Photo credit: Woodford J., Gillman A., Jenvey P., Roberts J., Woolley S., Barber BE, et al. (2021) Positron emission tomography and magnetic resonance tomography in experimental malaria in humans to identify organ-specific changes …

The malaria parasite Plasmodium vivax can accumulate in the spleen to a greater extent shortly after infection than its well-known relative P. falciparum. This is evident from new research published by John Woodford of the University of Queensland, Brisbane, Australia and colleagues in the Open Access Diary PLOS medicine.

The treatment and management of P. vivax and P. falciparum infections requires study of their various routes of infection, and our limited understanding of the disease pathology has generally relied on indirect and imprecise approaches. Woodford and colleagues studied 7 healthy participants who were infected with either P. vivax or P. falciparum under controlled conditions. They were subjected to positron emission tomography (PET) and magnetic resonance imaging (MRI) 7 days before infection and again 7 to 11 days after treatment with malaria.

The team examined the participants’ spleen, liver and bone marrow for changes in shape or structure, as well as glucose metabolism, which would indicate an accumulation of the parasite in individual organs. In the spleen, glucose metabolism increased after infection, which was more pronounced in participants infected with P. vivax. Neither the liver nor the bone marrow were affected at this early stage of the infection. Despite the small size of the study, research shows that imaging in this way can help understand the accumulation of malaria parasites in specific organs and change previous thinking about P. vivax behavior in the “blood stage” of infection.

Dr. Woodford notes, “Out of the cycle malaria parasites contribute to the disease but are very difficult to study. By conducting this novel imaging study on participants undergoing experimental malaria infection, we were able to examine what happens in certain organs in the earliest stages of infection, the blood stage. This is further evidence that parasites of the important species Plasmodium vivax have a particular predilection for the spleen, and shows how controlled infection studies can accommodate unique exploration targets that cannot otherwise be studied in humans. “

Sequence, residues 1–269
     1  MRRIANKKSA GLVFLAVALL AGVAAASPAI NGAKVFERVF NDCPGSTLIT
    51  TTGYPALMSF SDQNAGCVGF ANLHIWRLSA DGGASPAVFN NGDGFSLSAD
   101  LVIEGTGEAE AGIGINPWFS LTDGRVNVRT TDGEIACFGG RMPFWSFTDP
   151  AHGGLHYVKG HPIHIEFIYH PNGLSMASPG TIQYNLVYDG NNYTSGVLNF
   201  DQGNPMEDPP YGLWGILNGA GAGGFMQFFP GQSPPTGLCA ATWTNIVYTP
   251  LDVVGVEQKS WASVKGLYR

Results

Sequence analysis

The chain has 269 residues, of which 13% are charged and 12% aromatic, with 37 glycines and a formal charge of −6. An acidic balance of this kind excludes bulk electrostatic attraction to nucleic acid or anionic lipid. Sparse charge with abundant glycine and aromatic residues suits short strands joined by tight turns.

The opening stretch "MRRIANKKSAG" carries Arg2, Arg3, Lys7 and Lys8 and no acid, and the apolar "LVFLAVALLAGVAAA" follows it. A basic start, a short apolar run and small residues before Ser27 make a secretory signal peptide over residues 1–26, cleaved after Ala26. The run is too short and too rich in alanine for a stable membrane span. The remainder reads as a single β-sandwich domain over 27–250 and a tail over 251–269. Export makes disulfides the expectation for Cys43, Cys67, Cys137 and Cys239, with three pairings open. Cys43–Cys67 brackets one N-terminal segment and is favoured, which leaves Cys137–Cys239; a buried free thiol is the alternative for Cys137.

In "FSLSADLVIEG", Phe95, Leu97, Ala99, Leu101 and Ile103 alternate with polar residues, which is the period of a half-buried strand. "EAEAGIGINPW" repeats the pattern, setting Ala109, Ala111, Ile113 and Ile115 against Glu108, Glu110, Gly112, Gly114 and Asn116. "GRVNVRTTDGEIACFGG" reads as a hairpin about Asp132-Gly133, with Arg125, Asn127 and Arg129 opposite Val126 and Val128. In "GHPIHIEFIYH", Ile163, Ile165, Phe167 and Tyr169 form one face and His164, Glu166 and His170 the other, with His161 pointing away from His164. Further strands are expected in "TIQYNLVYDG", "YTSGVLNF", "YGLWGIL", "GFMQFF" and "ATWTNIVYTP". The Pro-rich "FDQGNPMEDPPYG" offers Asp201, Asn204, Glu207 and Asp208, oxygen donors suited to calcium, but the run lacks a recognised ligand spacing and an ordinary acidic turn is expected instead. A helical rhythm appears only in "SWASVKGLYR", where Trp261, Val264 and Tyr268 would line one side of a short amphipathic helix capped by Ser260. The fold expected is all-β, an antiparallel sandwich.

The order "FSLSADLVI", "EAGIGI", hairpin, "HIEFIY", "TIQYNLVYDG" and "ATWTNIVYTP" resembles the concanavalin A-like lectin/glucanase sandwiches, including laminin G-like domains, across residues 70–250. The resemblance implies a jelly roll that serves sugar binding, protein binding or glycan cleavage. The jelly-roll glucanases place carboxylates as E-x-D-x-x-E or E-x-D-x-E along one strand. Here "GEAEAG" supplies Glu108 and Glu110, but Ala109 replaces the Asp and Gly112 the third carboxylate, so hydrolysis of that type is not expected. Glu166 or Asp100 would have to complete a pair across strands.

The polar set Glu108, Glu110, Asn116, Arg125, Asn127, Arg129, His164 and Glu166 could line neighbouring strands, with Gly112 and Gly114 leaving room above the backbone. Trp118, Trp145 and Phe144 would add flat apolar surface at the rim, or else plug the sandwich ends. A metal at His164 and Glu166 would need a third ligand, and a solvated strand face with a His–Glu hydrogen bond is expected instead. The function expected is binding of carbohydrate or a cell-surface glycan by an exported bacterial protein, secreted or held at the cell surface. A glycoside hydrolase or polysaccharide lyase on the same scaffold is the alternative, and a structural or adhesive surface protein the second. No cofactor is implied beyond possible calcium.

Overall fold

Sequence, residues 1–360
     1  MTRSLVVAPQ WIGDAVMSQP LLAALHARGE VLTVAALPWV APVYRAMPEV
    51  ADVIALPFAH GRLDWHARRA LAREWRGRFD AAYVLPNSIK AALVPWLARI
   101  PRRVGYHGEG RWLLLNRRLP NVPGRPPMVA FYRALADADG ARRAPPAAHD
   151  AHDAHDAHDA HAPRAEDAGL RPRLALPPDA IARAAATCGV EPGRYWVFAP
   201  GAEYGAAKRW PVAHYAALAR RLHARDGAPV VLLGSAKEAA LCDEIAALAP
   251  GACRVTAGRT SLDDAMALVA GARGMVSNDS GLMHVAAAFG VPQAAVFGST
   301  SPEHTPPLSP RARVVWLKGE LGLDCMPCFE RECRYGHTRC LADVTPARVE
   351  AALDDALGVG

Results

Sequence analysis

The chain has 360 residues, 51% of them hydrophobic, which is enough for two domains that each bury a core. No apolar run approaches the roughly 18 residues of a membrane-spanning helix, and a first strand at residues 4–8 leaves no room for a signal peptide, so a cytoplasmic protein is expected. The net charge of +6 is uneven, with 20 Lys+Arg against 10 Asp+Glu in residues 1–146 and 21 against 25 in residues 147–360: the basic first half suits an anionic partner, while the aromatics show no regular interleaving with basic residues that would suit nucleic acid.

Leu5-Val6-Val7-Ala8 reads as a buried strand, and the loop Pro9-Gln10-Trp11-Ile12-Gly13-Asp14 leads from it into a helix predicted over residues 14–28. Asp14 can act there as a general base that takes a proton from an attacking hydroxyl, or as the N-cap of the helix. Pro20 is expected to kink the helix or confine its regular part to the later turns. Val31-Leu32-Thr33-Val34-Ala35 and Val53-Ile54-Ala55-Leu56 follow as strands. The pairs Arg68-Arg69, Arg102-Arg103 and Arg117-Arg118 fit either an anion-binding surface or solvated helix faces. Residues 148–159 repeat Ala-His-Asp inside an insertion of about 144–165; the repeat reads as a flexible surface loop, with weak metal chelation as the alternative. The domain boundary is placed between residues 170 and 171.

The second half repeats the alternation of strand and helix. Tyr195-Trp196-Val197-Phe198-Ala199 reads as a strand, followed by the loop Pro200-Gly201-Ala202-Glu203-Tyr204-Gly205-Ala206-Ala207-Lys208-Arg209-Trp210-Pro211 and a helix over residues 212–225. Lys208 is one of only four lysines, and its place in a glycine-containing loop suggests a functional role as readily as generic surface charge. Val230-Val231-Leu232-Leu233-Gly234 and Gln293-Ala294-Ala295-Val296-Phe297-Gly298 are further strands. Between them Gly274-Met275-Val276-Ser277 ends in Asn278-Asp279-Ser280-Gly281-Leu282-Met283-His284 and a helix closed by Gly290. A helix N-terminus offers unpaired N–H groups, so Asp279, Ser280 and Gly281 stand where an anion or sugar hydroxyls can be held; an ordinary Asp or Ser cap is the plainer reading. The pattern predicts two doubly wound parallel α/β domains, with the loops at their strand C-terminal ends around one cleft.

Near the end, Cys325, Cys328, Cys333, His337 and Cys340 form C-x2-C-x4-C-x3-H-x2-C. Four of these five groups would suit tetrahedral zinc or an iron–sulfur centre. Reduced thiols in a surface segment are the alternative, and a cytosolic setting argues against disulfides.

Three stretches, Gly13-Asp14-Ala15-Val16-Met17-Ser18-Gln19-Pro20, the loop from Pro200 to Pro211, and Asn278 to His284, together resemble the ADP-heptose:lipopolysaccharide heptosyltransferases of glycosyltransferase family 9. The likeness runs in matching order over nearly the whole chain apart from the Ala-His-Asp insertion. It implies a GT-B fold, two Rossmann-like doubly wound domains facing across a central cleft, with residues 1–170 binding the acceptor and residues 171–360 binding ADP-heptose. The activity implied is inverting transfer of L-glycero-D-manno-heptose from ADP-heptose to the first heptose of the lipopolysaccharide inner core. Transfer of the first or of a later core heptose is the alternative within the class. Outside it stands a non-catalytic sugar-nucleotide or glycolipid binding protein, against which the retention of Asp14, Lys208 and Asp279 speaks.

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Research article

Peer review; Observation; People

Use this URL in your reporting to access the freely available paper:
http: // magazines.plos.org /Plos medicine /Items? id =10.1371 /Diary.pmed.1003567

Funding: This project was supported by an HIRF Seed Funding Grant, Metro North Hospital and Health Service (JW), and the Australian National Health and Medical Research Council (JSM # 1135955, # 1037304, # 1132975, and NMA # 1135820 , 1098334). . Clinical trial participants were funded by the Australian National Health and Medical Research Council (JSM # 1132975), the Bill and Melinda Gates Foundation (JSM OPP1111147), and the Global Health Innovative Technology Fund. Funders had no role in the design of the study, data collection and analysis, the decision to publish, or the preparation of the manuscript.

Competing interests: The authors have stated that there are no competing interests.

Citation: Woodford J., Gillman A., Jenvey P., Roberts J., Woolley S., Barber BE, et al. (2021) Positron Emission Tomography and Magnetic Resonance Imaging in Experimental Malaria in Humans to Identify Organ-Specific Changes in Morphology and Glucose Metabolism: A Prospective Cohort Study. PLoS Med 18 (5): e1003567. https: //.doi.org /10.1371 /Diary.pmed.1003567

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